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Mobility – swarms of people

 Surprise (Switzerland) 13 May 2019

(Originally published: 05/2010) In the animal kingdom the flock is an extremely efficient mobility model. But when it comes to people, everyone goes their own way. Or so you might think. According to recent studies masses of people function quite similarly to flocks of animals. (478 words) - Reto Aschwanden

Be like the birds: in the animal kingdom the flock is an extremely efficient mobility model. But when it comes to people however, everyone goes their own way. Or so you might think. According to recent studies masses of people function quite similarly to flocks of animals. If we realise that the collective is more intelligent than the individual, traffic jams could soon become a thing of the past.


Every morning it's the same old story. You've barely stepped off of the train, commuters pushing and shoving each other to get on the escalator, where the traffic jam is already waiting. Upstairs the next crowd arrives: some run to the platforms, others to the exit and then there are the people bouncing off one another, who crowd around the kiosk no matter what. Happy is he who goes without receiving a dirty look or missing his destination

The person in the crowd thinks he is mostly on the right track. Chaos always causes others to react with erratic behaviour. But even if we supposedly live in an individualistic age, in a crowd we move as part of a collective.

At least that's what Anders Fredrik Johansson from the ETH in Zurich thinks. "The masses organise themselves. Most people look for coordination and cooperation, in other words, that they line themselves up and go with the flow." The sociologist and his team are investigating how compact crowds of people function, which patterns follow the movement and how people get out of each other's way. One factor forms the individual requirement for freedom. How high this is, depends on the situation. At an open-air concert physical closeness is disturbed far less than walking through a museum. In addition, Johansson stresses cultural differences in dealing with proximity and distance: "Europeans need more space than, say, Japanese and Indians, who feel comfortable in cramped conditions." The resulting higher density leads to the smaller body size combined with the fact that Asian crowds move forward faster than European ones. People like us get in the way: "In Europe people quicken their pace to avoid getting too close to others. This leads to an overall slowing of the masses," according to ETH scientists.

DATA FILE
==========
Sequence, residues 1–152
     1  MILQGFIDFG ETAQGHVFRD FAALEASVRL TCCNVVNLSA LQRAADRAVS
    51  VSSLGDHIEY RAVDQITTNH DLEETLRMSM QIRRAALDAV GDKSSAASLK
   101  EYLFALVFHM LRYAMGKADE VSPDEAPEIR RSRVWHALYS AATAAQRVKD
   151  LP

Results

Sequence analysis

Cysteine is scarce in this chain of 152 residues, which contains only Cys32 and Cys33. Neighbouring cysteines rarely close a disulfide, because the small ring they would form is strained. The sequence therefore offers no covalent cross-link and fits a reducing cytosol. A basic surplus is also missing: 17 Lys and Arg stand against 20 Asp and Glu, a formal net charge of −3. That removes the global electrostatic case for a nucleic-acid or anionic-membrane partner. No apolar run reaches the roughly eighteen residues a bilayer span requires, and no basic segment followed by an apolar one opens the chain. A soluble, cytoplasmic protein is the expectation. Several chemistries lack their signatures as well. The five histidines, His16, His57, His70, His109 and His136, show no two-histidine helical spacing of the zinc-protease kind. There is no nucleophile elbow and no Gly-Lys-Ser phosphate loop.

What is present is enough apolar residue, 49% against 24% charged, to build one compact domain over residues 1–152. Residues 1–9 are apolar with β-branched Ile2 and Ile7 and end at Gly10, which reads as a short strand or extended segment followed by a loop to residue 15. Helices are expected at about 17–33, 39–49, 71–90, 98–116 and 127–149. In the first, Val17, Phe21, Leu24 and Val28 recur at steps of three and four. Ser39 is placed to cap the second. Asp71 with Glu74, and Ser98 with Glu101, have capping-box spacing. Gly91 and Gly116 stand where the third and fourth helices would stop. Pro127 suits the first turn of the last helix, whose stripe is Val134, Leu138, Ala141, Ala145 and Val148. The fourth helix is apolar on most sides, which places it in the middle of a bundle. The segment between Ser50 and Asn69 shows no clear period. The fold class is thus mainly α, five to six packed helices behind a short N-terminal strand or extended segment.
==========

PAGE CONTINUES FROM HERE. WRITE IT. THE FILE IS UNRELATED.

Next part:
Look at the neighbours

According to Johansson, culture also influences movement patterns: Europeans mostly sidestep to the right, members of Asian cultures to the left. "For now progress and flow don't matter, it's only important that most people react in the same way. Johansson can't say how much this has to do with road traffic, where people in central Europe drive on the right. For perhaps the inclination to the right or left of older and that lead to the appropriate road layout. One way or subconsciously, the decision falls on the alternate direction. "The decision on who takes over again in such situations over the years becomes accustomed to certain patterns of behaviour. This is a learning process, similar to a child. "

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